Prairie Village’s Bill Hancock, the executive director of the College Football Playoff, began volunteering with the USOC at the Olympics in 1984 and is in Sochi, sharing daily reports with friends and colleagues, including The Star.
Here’s are excerpts from Hancock’s latest email, from Saturday, Feb. 8:
The Russians seem sincerely happy with the opening ceremony, and they should be. Yes, one of the snowflakes didn’t burst into an Olympic ring. I know folks were disappointed. But we got to see something special. Maybe it wasn’t as intriguing as a wardrobe malfunction, but….
Note from friend in Oklahoma: “NBC news not painting the rosy picture of Sochi you are reporting. Only 19 percent of Americans think it’s safe over there according to NBC. Richard Engle unwrapped a new computer and had a techy person turn it on. Immediately hacked, again according to NBC. Story in Oklahoman about dog killings, as well. Glad the media coverage is not getting to you guys over there.”
Response: In our little world over here, things are darn good. It’s NOT as comfortable as home, but the adventure is incredible and we have everything we need except tamales and key lime pie…
Reporter, before the opening ceremony: “A friend at home thinks I’m at death’s door over here. I told him I’m in the safest place in the world. If anything goes wrong, 19,000 Russian soldiers will pounce.”
Bob Kravitz, the nifty Indianapolis columnist, took an interpreter and watched the opening ceremony in downtown Sochi: “The American view of Russia tends to have a Cold War tint, a view of Russians as cold, taciturn and brooding, the inscrutable human equivalent of Siberia. This is the land that gave us Dostoevsky and Tolstoy and Turgenev, plumbers of the human soul. Americans think of Russia, they think of the old Soviet Union, of Lenin.
“So why are there thousands of people in downtown Sochi partying like it’s 2014, drinking beers and downing shots of Beluga Vodka (which, by the way, is purer than Tim Tebow)? Why are there so many men lovingly holding their sons above their heads, so many smiling mothers warmly embracing their daughters, all of them watching a pair of giant screens showing the Opening Ceremony while standing at the seaport in bustling downtown Sochi? How do you explain the tears as the Russian national anthem plays over the loudspeakers?” ...
A reporter found the Pittsburgh bar in Sochi. The sign out front read “Pittsburgh.” Inside were photos of the steel city. The owner apparently just likes the city. Nobody inside spoke English….
This place gets better every day. Must admit I did see a shell of a partially-completed building that had been wrapped in a cloth “mural” of a building….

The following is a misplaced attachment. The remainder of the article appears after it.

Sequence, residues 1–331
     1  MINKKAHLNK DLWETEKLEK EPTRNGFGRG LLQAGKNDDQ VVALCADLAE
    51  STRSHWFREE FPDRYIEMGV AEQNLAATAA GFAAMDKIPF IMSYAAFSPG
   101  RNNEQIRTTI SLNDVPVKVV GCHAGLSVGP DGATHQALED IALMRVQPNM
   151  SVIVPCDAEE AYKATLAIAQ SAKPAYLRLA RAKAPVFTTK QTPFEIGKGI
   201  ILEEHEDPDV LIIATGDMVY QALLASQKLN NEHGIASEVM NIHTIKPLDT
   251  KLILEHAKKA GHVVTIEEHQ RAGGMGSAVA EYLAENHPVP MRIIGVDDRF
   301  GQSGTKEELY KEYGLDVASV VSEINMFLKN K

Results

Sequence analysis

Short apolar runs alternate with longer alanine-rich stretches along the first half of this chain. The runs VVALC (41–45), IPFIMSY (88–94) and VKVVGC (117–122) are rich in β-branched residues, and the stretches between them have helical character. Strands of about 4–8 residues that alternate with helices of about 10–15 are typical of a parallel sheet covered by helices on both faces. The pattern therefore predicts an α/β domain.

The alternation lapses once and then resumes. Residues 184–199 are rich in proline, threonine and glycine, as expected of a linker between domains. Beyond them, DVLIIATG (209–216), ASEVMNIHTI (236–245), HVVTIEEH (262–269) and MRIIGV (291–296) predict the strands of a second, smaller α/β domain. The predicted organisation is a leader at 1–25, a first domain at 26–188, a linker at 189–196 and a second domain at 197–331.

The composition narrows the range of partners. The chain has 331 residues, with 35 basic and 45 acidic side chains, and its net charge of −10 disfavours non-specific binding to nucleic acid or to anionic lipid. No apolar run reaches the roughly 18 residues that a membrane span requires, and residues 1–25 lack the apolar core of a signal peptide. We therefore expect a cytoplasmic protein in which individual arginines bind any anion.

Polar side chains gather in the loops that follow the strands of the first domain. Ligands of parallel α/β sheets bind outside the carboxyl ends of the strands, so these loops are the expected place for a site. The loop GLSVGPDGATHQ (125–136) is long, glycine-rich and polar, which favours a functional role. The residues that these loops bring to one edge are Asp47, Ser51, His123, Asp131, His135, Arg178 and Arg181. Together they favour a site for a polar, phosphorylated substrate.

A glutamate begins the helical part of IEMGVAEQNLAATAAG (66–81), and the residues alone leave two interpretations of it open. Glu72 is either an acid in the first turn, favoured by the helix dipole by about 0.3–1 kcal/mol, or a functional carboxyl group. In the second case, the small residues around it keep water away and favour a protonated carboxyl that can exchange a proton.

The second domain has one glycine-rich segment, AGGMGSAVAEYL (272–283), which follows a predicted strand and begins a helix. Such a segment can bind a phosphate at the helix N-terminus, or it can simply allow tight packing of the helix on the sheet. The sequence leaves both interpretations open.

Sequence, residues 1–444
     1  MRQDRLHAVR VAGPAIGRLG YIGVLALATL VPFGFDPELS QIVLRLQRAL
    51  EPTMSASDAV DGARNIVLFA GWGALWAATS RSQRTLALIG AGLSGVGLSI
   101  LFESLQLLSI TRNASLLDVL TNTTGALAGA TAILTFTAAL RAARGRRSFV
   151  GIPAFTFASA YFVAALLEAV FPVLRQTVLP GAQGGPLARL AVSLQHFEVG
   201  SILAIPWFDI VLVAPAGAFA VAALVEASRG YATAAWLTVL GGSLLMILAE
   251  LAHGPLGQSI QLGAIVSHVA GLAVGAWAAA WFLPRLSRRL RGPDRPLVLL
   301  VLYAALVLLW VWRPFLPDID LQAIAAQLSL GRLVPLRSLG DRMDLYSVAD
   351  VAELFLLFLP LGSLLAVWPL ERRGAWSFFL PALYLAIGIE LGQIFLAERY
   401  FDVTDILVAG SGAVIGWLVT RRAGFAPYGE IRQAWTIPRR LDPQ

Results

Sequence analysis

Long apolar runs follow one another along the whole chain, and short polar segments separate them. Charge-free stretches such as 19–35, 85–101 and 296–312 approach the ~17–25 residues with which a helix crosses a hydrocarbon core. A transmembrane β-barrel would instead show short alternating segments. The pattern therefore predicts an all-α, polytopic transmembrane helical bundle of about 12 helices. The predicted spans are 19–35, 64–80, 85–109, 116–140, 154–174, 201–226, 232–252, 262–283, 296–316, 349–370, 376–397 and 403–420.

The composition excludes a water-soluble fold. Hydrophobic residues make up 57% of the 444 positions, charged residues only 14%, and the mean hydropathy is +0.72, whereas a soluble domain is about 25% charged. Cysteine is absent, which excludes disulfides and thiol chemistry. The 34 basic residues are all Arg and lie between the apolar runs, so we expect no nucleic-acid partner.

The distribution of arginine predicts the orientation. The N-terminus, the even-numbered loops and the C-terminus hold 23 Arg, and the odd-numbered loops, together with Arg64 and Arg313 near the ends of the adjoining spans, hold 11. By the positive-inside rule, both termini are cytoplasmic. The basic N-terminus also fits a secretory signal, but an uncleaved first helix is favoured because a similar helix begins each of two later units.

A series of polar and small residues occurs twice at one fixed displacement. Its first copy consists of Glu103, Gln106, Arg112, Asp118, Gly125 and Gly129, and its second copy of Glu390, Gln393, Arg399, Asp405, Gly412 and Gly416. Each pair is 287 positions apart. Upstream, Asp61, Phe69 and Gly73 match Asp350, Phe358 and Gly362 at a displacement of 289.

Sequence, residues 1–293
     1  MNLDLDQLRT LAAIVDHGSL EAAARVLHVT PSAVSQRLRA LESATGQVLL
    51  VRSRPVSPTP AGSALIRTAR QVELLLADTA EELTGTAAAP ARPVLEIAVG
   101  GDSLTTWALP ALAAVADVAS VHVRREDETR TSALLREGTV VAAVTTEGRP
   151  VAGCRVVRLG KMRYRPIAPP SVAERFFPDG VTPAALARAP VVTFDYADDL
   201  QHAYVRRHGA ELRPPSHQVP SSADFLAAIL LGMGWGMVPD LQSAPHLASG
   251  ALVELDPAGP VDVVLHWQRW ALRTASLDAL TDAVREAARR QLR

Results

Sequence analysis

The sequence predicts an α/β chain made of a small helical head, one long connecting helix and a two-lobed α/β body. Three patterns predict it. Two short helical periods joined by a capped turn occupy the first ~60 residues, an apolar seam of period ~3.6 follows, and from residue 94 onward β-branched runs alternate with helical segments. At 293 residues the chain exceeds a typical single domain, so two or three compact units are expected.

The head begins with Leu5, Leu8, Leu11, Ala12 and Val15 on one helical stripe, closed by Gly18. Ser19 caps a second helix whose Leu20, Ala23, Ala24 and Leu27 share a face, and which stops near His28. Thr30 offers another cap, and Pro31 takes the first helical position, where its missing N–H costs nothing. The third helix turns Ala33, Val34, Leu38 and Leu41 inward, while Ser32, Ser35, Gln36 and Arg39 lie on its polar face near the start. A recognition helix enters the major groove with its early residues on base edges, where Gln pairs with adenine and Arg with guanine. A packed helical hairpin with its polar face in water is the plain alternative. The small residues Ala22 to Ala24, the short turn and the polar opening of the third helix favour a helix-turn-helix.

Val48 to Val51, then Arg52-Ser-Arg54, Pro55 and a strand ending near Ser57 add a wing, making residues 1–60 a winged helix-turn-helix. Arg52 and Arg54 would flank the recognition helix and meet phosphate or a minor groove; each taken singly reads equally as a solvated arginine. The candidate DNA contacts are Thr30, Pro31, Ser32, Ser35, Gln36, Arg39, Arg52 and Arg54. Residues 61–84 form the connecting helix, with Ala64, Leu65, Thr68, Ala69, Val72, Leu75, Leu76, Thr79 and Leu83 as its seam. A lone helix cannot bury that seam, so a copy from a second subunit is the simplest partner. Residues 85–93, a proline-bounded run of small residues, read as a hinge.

Judging by the opening ceremony, Borodin’s Polovtsian Dances from Prince Igor might be the theme music. Can’t go wrong with that.Listen on YouTube.
First gold medal of the games went to Sage Kotzenberg of the USA! Is that serendipitous?
Nicki and I went to his news conference. He wore the USA silver jacket and a big smile and a beige stocking cap. “It’s the craziest thing ever,” he said. “Repping the USA is so cool. Being on the team together is SO sick.” He was SO happy, waving to the media three times.
“It feels like I’m in a dream. When I got in the finals I thought, ‘man, I might have to do this crazy run that I was thinking of.’ It feels surreal.”
Eight Russian volunteers—all young women—stood against the wall during the news conference. I half-expected them to squeal like Beatles fans on the Ed Sullivan show 50 years ago.
On his way down the hill, Sage did a backside 1620 Japan grab. A reporter said, “could you take a few minutes to describe that? I don’t what that means. I feel like I’m talking to Peyton Manning about Omaha.”
Sage’s parents, brother and sister didn’t come to Sochi. “The main reason is they stress me out to much. At usual competitions, my mom sits behind a bridge. I was kinda like, ‘would you guys stay at home?’ I’m so much more relaxed and I’m not really thinking of anyone. I called them afterward. My dad was like ‘whoaaaaaaa’. All my friends were watching back home. There were like 50 of them in my house. It could be a dangerous night in Park City.”
He also called his older brother, Blaze, age 22, from the top of the hill about 10 minutes before his run….
A great friend back home is really nervous about our safety over here. That’s very kind. But it’s like watching your favorite college football team. The angst is much greater watching on television than in person.